We also hypothesize that if the FFM traits alone are not specific enough to convey clinically important distinctions, clinicians might feel that the FFM's clinical utility is low. Following First et al.'s initial proposal (9
), we also asked clinicians to rate the FFM on measures of clinical utility.
Only a few studies have tested the clinical utility of the FFM and the results are mixed. The general procedure used in this past research was to have clinicians consider a patient, make either a DSM-IV or FFM assessment, and rate the clinical utility of the assessment system. However, the specific methods differed with respect to the level of detail with which clinicians processed each system. Sprock (22
) had clinicians assess case vignettes on the five broad factors of the FFM and found that they judged the FFM as less useful than the DSM-IV. But when Samuel and Widiger (23
) had clinicians assess case vignettes on the 30 facets of the FFM, requiring more detailed processing of the FFM, they judged the FFM as more useful than the DSM-IV. In a recent study by Spitzer et al. (24
), clinicians had to process the DSM-IV in much greater detail than in the previous studies; they read through all the diagnostic criteria of the DSM-IV personality disorders as part of the DSM-IV assessment. The results showed that their clinicians judged the DSM-IV as more useful than the FFM. Thus, past results taken together suggest that clinicians gave higher clinical utility judgments when they processed information in a more detailed way during assessment. This pattern is consistent with our hypothesis that the specificity of descriptors, which could be influenced by more detailed processing of patient information, can affect clinical use. Of interest, Spitzer et al. (24
) also found the FFM's utility to be lower than that of the Shedler-Westen Assessment Procedure (SWAP-200 [25–26]; see ). This finding is also consistent with our hypothesis because SWAP uses 200 concrete descriptors, only some of which describe any given case, rather than applying the same set of a limited number of traits to all cases.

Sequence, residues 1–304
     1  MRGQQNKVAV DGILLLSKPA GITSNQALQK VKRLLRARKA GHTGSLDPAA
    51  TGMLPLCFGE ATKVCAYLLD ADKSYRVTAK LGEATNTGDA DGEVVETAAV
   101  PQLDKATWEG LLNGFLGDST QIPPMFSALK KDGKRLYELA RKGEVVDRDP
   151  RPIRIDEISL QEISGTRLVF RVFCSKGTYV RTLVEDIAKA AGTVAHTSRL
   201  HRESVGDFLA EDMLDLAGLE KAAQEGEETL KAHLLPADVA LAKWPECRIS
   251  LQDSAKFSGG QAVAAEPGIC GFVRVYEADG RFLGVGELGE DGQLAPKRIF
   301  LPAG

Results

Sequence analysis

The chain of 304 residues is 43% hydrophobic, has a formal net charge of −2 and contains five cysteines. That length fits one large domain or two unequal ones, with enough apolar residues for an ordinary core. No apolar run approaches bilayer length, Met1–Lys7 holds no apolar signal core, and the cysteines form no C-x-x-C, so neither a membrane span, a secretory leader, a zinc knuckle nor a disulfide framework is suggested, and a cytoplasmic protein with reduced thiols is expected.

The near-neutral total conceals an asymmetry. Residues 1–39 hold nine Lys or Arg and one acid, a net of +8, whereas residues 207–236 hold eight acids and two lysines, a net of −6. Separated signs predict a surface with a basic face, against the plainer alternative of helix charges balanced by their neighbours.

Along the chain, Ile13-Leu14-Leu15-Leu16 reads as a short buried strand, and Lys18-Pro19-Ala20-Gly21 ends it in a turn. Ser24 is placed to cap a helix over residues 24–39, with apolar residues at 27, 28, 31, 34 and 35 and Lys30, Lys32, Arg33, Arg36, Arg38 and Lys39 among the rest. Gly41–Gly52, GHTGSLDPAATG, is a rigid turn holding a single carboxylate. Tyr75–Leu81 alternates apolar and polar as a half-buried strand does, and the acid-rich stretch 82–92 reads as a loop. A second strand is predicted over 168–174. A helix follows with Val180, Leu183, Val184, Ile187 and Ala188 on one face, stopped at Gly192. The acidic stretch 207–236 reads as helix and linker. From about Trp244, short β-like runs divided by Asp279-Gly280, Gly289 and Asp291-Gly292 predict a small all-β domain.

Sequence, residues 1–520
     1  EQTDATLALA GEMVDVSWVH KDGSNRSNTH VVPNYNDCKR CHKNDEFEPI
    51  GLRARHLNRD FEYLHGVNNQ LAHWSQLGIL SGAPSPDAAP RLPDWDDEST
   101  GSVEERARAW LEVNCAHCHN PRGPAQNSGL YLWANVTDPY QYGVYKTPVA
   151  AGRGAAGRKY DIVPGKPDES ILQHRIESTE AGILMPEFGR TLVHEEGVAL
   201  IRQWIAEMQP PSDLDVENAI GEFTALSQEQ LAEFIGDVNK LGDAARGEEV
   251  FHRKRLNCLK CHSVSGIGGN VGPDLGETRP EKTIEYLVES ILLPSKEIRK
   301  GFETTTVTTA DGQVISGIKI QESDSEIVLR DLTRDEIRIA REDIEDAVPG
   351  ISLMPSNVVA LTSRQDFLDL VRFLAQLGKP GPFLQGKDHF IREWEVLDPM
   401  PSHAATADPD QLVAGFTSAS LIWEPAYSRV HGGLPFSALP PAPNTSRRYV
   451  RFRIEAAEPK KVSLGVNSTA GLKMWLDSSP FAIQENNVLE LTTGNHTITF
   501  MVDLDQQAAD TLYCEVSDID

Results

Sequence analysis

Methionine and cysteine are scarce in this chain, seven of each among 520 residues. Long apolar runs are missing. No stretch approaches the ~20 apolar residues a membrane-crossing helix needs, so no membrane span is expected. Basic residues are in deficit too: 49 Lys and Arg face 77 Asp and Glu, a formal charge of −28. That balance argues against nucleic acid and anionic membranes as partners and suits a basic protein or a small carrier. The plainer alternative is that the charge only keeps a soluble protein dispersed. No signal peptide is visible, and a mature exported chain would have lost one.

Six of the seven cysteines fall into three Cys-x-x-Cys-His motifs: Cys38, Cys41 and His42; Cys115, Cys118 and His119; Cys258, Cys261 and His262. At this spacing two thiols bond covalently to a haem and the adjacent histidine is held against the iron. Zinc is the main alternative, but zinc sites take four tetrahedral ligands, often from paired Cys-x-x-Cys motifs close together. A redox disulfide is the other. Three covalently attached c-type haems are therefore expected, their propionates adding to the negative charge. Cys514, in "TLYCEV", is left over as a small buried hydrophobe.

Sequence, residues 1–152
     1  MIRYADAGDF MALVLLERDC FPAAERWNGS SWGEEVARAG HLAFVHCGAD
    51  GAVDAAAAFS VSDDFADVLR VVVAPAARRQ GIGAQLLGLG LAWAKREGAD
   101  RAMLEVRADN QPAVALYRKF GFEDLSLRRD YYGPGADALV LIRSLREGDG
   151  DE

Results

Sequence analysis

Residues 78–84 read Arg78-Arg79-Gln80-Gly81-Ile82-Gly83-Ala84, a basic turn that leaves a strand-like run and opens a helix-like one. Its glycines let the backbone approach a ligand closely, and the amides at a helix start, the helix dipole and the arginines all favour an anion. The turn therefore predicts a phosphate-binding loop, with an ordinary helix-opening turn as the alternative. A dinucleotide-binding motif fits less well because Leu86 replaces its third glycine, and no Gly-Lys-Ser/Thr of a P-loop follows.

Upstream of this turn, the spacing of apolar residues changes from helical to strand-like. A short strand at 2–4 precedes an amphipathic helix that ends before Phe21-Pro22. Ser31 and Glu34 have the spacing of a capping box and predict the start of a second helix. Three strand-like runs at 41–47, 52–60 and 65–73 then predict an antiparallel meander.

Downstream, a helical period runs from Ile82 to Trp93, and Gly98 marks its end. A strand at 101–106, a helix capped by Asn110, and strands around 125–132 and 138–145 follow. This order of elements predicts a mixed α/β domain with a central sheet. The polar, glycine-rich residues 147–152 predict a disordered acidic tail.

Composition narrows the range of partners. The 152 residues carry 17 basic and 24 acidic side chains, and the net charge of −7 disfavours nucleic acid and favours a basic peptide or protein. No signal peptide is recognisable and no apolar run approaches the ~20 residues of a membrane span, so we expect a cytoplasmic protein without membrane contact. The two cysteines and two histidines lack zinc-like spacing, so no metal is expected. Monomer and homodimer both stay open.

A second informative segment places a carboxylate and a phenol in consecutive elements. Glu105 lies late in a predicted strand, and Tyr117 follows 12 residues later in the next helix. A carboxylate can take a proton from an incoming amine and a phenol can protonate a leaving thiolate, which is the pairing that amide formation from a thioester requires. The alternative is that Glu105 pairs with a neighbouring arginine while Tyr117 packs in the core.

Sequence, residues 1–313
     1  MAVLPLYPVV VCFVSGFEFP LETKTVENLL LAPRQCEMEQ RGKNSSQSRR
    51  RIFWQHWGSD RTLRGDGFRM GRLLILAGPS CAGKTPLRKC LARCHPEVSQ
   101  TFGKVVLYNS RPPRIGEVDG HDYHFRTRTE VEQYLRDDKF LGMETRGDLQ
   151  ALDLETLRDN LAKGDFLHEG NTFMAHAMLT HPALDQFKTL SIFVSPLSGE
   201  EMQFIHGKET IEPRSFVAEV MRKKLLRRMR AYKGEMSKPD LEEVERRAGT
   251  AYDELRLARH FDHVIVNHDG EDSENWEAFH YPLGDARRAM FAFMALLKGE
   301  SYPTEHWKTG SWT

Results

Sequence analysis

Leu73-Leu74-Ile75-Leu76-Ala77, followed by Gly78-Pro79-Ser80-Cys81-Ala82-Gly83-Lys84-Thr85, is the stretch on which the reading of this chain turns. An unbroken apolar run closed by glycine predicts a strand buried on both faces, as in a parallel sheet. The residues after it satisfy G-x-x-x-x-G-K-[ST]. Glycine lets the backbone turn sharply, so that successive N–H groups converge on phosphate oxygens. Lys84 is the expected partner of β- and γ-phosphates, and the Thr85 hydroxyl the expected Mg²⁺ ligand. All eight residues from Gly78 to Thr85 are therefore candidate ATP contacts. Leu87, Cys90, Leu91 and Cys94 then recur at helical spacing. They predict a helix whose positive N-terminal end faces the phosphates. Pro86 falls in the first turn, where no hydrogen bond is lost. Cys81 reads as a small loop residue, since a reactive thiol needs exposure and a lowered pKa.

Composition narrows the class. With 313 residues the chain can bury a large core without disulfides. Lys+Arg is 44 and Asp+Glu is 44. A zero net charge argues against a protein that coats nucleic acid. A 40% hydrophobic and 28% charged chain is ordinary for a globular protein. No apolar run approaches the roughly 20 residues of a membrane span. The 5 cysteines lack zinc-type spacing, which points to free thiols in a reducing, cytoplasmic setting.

Although previous studies provide suggestive evidence in support of our hypothesis, the current study more directly examines how ambiguities in patient descriptions may lower clinical use of a diagnostic system. In addition to back-translating FFM descriptions into DSM-IV diagnoses, our clinician participants rated the clinical utility of the FFM descriptions presented as profiles of hypothetical patients without other information about the patients. This method differs from the previous studies (22
), in which clinicians considered either a vignette or one of the clinician's actual patients before assessing utility, which could have disambiguated the meanings of the FFM descriptors. We predict that when an FFM description is presented alone without any specific context to disambiguate the description, clinicians would judge the clinical utility of the FFM to be low.
To summarize, we propose that the FFM descriptors may be too ambiguous to capture clinically important but subtle information. To test this proposal, we examine whether FFM descriptions alone are specific enough to allow clinicians to recognize known DSM-IV personality disorders, and whether ambiguities in FFM descriptors result in lower clinical utility of the FFM.
Two studies are reported. The first study examined cases of a single DSM-IV personality disorder (prototypic). The second study examined cases with multiple personality disorders (comorbid). The methods of Study 1 and Study 2 are presented next, followed by the results of both studies. An integrated discussion follows after the methods and results of both studies.